Caging Oil Thieves in Niger Delta

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IN THE ARENA

BY Louise Achi

While geology granted almost 50 per cent of the earth’s proven crude oil reserves to Saudi Arabia and four of her neighbours, it handed Nigeria 2.2 per cent of the same strategic product that powers human civilisation. Africa accounts for 7.6 per cent.

It remains instructive that despite this almost embarrassing surfeit of hydrocarbon largesse, one-time Saudi Arabian Minister of Petroleum and Mineral Resources (1962-1986), Sheikh Zaki Yamani still observed that, “The Stone Age did not end for lack of stones and the Oil Age will end long before the world runs out of oil.”

While Yamani, that stubborn, consummate Arab strategist and lawyer who proclaimed this visionary position three decades ago certainly had his point, in Nigeria, crude oil thieves are apparently working in overdrive to extract the last golden drop before Yamani’s prediction kicks in. Figures paint a more gripping big picture of Nigeria’s dilemma.

In the nation’s 2021 budget, a daily production of 1.86 million oil barrels was projected but Nigeria recorded a huge deficit of almost 200 million barrels in the first 11 months of 2021. This was attributable due to spiralling crude oil theft, ageing infrastructure, challenges associated with host communities, under investment, and poor security in the waterways.

Significantly, figures from the Nigerian Upstream Regulatory Petroleum Commission (NURPC) indicated that while the country was expected to pump approximately 635 million barrels of oil by November last year, it struggled to produce only 441 million barrels within the period.

Perhaps not surprisingly, many oil companies are reporting big losses. Scandalously, sometimes up to 80 per cent of the output is lost in the pipelines. An oil industry expert disclosed that “when they pump through the pipelines, they only get about 20 per cent of product and the rest is lost to pipeline breaches and organised theft. The 20 per cent hardly covers cost of production.”

Extreme insecurity has been identified by the oil companies as a core issue as product losses through the pipelines are now so massive that it is impacting their bottomline. The country’s revenue projection from crude oil export is not exempted. Huge quantities of products are daily stolen by individuals and organised cartels of criminals.

The Navy and other security agencies that are supposed to protect the waterways and the companies’ operations are allegedly either looking the other way, or conniving with syndicates of oil criminals to steal this strategic national resource. It is now a huge and thriving business at the expense of the country.

If the Nigerian security agencies are involved with spiralling oil theft in the Niger Delta region as being serially alleged, it simply means that their top command echelons are compromised. This has intrinsic dangers to the very survival democracy that the ruling political authority is charged to protect.

This criminal oil leakage in the sector is significantly consonant with the report from the Nigerian Extractive Industries Transparency Initiative (NEITI) released last year that Nigeria loses 138,400 barrels of crude per day, representing about 7% of its total production, to oil theft, and spills. According to the NEITI report, the loss is “neither hypothetical nor episodic. It is real and endemic.”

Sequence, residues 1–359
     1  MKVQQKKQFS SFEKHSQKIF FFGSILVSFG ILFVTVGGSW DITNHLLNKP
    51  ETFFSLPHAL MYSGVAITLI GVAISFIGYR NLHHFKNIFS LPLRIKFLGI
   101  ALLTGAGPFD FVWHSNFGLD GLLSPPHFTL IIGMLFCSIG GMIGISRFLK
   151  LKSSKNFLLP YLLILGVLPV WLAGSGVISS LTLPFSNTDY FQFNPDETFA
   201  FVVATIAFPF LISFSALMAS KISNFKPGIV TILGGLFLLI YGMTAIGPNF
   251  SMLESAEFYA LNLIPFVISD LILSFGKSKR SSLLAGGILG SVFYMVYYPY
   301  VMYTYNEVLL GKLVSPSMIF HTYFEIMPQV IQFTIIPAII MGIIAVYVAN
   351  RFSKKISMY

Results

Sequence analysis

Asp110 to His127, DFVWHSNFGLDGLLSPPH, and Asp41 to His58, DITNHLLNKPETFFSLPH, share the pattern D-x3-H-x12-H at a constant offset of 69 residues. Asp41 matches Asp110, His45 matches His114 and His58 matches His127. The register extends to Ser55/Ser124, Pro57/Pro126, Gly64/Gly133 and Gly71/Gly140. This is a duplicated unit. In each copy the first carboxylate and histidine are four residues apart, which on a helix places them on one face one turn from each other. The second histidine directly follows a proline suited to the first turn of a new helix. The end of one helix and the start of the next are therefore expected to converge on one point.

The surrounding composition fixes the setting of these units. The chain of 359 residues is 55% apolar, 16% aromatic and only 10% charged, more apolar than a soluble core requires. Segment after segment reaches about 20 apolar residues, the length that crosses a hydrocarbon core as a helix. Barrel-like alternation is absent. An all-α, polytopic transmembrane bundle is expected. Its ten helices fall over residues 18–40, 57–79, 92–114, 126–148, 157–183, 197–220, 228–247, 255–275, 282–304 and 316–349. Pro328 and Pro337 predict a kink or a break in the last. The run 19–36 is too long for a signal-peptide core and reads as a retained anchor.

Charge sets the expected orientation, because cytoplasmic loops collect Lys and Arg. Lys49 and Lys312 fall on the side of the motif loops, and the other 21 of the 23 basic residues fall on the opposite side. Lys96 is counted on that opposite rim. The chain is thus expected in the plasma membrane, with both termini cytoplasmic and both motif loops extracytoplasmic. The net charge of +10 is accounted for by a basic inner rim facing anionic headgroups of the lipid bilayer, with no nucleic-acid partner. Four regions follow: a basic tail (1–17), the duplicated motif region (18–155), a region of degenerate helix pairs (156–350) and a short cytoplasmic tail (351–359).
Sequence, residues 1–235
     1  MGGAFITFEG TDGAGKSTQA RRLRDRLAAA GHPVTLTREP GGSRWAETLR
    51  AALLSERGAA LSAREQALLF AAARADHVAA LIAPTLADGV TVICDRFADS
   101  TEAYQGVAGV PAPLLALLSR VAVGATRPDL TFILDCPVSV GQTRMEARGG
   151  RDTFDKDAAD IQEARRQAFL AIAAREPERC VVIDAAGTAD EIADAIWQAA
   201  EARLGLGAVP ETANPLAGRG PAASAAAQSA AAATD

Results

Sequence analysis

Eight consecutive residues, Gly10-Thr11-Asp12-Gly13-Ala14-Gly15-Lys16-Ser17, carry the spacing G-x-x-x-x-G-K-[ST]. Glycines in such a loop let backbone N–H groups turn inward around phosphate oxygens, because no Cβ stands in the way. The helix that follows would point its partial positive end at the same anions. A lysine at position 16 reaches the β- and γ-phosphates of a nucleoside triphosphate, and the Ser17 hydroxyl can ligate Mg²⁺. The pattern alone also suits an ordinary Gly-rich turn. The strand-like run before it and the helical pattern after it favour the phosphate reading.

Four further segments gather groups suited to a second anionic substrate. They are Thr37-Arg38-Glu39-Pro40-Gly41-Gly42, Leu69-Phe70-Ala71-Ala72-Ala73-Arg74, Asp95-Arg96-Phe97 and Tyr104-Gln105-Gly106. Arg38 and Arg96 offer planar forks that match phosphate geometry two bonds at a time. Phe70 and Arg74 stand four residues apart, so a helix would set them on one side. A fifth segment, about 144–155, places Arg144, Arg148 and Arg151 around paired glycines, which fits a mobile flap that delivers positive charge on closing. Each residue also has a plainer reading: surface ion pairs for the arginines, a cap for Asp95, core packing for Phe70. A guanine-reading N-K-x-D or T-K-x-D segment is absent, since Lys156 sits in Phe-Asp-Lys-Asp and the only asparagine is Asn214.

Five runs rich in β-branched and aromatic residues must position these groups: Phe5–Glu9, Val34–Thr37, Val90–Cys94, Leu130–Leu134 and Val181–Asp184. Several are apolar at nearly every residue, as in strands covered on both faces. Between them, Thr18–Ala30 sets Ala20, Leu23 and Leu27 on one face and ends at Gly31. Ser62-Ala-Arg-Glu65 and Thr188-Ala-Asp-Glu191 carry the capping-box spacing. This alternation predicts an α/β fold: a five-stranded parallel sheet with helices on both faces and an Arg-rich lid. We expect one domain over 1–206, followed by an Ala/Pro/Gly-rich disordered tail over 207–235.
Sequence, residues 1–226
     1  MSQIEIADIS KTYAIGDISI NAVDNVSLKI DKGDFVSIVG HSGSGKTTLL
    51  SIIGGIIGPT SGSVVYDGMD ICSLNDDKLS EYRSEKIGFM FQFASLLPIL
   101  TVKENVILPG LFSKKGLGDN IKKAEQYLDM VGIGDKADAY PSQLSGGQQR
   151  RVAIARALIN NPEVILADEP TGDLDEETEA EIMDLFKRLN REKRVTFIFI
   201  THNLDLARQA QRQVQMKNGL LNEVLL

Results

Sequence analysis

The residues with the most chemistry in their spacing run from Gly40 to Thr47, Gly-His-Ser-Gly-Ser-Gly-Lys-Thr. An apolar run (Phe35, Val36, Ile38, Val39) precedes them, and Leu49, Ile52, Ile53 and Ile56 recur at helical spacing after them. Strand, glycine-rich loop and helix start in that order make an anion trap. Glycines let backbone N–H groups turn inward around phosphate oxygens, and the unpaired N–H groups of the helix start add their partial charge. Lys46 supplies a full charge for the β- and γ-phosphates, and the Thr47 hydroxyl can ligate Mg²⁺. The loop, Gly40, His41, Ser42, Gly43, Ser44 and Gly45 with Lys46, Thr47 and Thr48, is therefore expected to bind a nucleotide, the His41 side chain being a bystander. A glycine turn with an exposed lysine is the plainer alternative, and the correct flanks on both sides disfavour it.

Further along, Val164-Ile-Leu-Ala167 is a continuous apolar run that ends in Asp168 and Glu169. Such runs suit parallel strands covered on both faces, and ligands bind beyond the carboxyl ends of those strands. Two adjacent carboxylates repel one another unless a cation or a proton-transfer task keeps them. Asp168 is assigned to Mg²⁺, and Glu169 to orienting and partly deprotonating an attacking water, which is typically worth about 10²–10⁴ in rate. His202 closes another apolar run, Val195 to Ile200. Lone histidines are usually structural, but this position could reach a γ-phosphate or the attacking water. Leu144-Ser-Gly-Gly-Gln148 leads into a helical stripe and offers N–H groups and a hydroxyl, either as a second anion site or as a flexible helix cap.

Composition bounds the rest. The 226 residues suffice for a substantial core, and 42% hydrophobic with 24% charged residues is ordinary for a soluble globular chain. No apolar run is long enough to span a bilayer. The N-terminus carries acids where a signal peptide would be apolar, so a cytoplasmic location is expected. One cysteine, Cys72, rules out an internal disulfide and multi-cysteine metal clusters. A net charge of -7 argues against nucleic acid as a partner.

Worse, with huge funds at their disposal, the criminal cartels involved purchase illicit sophisticated arms and ammunition, a scenario which considerably upscales the nation’s insecurity woes. A clearly weak political will to sternly sanitise these festering dens of marine thieves is compounding the existential dilemma. Strangely, many security operatives reportedly lobby for postings to Niger Delta region because of anticipated windfalls from illegal oil business.

Another dimension to this economic quandary is the lack of transparency in nation’s strategic oil industry. This is hardly helped by the fact that government depends heavily on sector operators to furnish it with data but without any independent verification.

According to The London Economist’s observation in 2016, “…oil is also being stolen at a record rate and traders’ figures show output at well below the government’s figures. Information about Africa’s biggest oil industry is an opaque myriad of numbers. No one knows which ones are accurate; no one knows how much oil Nigeria produces. If there were an authoritative figure, the truly horrifying scope of corruption would be exposed.”

Against the background of this crude oil heists, a strategy suggested by NEITI to counter and scientifically track stolen crude was that the Department of Petroleum Resources (DPR) put molecular markers into products. This would allow the authorities to trace where such supplies go. Is DPR listening? Big question.

When the state agencies – security and otherwise – charged with the mandate of stopping oil theft are not genuinely committed to stopping the thievery, it simply means they are part and parcel of the criminality.

Beyond the alleged collusion of security agencies in crude oil theft, another dimension to this brisk, dollar-denominated business is the indigenous locals. Many Niger Delta youths are reportedly involved in the oily heist and do not consider their activities as theft or crime.

They justify their own oil theft because they believe they cannot be pilloried for stealing what belongs to them. They strongly believe what they are doing is being replicated in the gold mines in Zamfara and Ilesa to bitumen in Ondo.

Despite impressive inroads by renewable energy, crude oil remains one of the most precious commodities that power modern civilisation. It is also rated as the most traded commodity in the world. More, the sector gives Nigeria critical infusions of funding she needs to give meaning to her socio-economic transformation.